Unchecked Intermediaries: Price Manipulation in an Emerging Stock Market

48 Pages Posted: 14 Dec 2004 Last revised: 8 Mar 2011

See all articles by Atif R. Mian

Atif R. Mian

Princeton University - Department of Economics; Princeton University - Woodrow Wilson School of Public and International Affairs; NBER

Asim Ijaz Khwaja

Harvard University - Harvard Kennedy School (HKS); Center for Research on Pensions and Welfare Policies (CeRP); Bureau for Research and Economic Analysis of Development (BREAD); National Bureau of Economic Research (NBER)

Abstract

How costly is the poor governance of market intermediaries? Using unique trade level data from the stock market in Pakistan, we find that when brokers trade on their own behalf, they earn annual rates of return that are 50-90 percentage points higher than those earned by outside investors. Neither market timing nor liquidity provision by brokers can explain this profitability differential. Instead we find compelling evidence for a specific trade-based pump and dump price manipulation scheme: When prices are low, colluding brokers trade amongst themselves to artificially raise prices and attract positive-feedback traders. Once prices have risen, the former exit leaving the latter to suffer the ensuing price fall.

Conservative estimates suggest these manipulation rents can account for almost a half of total broker earnings. These large rents may explain why market reforms are hard to implement and emerging equity markets often remain marginal with few outsiders investing and little capital raised.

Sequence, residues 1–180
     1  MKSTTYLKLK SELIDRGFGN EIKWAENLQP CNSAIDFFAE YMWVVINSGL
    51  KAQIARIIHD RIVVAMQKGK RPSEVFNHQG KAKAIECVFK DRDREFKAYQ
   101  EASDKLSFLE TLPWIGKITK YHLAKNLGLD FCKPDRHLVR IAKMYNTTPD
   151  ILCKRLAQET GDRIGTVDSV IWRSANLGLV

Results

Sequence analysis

Suggested Citation

Mian, Atif R. and Khwaja, Asim Ijaz, Unchecked Intermediaries: Price Manipulation in an Emerging Stock Market. Journal of Financial Economics, Forthcoming. Available at SSRN: https://ssrn.com/abstract=631722

Atif R. Mian (Contact Author)

Princeton University - Department of Economics ( email )

Princeton, NJ 08544-1021
United States

Princeton University - Woodrow Wilson School of Public and International Affairs ( email )

Princeton University
Princeton, NJ 08544-1021
United States

NBER

1050 Massachusetts Avenue
Cambridge, MA 02138
United States

Asim Ijaz Khwaja

Harvard University - Harvard Kennedy School (HKS) ( email )

79 John F. Kennedy Street
Cambridge, MA 02138
United States
617-384-7790 (Phone)
617-496-5960 (Fax)

Center for Research on Pensions and Welfare Policies (CeRP) ( email )

Via Real Collegio, 30
Moncalieri, Turin 10024
Italy

Bureau for Research and Economic Analysis of Development (BREAD) ( email )

Duke University
Durham, NC 90097
United States

National Bureau of Economic Research (NBER) ( email )

1050 Massachusetts Avenue
Cambridge, MA 02138
United States

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